Rabbits have a reputation to produce babies in multitudes which is contributed not just by their short gestation period but also the breeding cycle of does. The old saying “multiplying like rabbits” has some validity because of a rabbit’s ability to become fertile when breeding, not on a cycle like many other mammals. Female rabbits are known as “induced ovulators”, the eggs are released during breeding and not during a specific time cycle.
Does usually will decide when they are ready to breed which can depend upon the different seasons. For many pet rabbits that are kept indoors with plenty of light, does have been known to breed year round. A doe can be finicky towards a chosen a buck but when she does accept her mate, she will ovulate and release eggs during breeding.
After breeding, a doe’s gestation period averages 28 to 32 days with a difference in the doe’s stomach size becoming noticeable at approximately 20 days after breeding. During the gestation and sometimes even after giving birth, a doe may become aggressive towards their handler but this behavior will pass over time. If the soon-to-be mama doesn’t have a nesting box then one should be provided for the impending birth of the kits. A kindling box should feel safe and secure so the doe doesn’t undergo any stress before and after the birth.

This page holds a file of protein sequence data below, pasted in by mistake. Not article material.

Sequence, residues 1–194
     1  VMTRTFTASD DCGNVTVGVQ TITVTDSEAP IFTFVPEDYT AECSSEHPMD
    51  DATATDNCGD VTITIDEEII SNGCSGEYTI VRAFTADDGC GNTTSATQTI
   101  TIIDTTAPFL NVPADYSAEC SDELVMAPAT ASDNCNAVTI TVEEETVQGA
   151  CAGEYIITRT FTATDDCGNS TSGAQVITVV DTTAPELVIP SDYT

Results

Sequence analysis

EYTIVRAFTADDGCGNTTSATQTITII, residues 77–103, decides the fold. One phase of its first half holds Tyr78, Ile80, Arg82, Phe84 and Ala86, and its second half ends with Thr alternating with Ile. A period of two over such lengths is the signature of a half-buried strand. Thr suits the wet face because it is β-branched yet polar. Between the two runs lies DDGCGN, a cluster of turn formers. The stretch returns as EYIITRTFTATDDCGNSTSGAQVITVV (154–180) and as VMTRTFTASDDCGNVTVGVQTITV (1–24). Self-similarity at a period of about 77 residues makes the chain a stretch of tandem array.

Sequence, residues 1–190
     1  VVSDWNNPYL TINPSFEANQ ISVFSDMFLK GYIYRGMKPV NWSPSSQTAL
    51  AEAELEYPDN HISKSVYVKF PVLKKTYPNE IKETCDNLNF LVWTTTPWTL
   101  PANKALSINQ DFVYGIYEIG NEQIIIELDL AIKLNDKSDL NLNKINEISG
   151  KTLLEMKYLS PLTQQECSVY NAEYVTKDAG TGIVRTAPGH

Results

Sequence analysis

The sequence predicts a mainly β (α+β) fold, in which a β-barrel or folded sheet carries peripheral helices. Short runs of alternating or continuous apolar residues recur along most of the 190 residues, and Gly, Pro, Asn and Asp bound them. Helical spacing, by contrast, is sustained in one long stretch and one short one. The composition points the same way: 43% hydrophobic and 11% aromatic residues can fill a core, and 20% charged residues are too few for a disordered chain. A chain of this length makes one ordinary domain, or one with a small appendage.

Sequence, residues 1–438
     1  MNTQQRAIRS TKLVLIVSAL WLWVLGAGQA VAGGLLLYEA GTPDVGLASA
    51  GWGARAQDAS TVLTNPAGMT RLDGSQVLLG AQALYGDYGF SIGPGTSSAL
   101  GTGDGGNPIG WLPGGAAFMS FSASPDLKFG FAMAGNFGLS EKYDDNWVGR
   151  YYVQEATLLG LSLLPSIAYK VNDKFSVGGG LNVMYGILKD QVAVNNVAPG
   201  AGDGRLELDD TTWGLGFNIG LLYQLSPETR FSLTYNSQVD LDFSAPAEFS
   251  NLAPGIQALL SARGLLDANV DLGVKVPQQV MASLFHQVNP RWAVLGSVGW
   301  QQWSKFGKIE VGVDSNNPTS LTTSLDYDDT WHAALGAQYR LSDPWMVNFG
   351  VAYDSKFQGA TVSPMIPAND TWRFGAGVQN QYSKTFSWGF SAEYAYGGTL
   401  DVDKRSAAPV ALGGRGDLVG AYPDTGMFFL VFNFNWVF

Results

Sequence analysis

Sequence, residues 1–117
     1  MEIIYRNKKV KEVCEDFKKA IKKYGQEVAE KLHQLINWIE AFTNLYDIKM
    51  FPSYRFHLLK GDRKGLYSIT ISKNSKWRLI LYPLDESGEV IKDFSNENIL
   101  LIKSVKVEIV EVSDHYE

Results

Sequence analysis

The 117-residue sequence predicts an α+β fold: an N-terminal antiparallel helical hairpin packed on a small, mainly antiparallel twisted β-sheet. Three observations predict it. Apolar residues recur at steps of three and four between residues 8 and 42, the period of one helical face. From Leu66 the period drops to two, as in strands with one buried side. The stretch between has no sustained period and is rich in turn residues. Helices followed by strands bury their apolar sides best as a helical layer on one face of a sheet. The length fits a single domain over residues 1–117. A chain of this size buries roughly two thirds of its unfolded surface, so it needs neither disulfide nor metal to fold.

The kindling box needs four sides with an opening just large enough for the doe to enter and leave freely. The box can be filled with straw to help build the birthing nest but the doe will also more than likely pull her own fur to help make her nest warm and cozy. During the gestation period, feed the doe a nutritious diet of rich greens, fresh hay, timothy pellets, and provide plenty of fresh water. She will need some time to exercise of at least two hours a day.
Where the doe is kept is important as she will need her privacy. Any stress factors can lead to complications including the death of the kits. A typical litter of rabbits will average five to seven kits (baby rabbits). However, litter sizes have been known to only have one baby and many more than seven so don’t let the average be your guide. The kits will arrive either head or feet first. The process of birthing typically last a few hours but can go on as long as a couple of days.
The kits are born deaf, hairless and with their eyes closed. They are completely dependent upon their mother for all of their needs. The doe’s instincts to care for her young are amazing and a handler shouldn’t intervene unless absolutely needed. Within three weeks after birth, the kits will start to nibble on solid foods and at four weeks, the young are beginning to be weaned by their mother. With this very short gestation and raising process, rabbits can multiply quickly.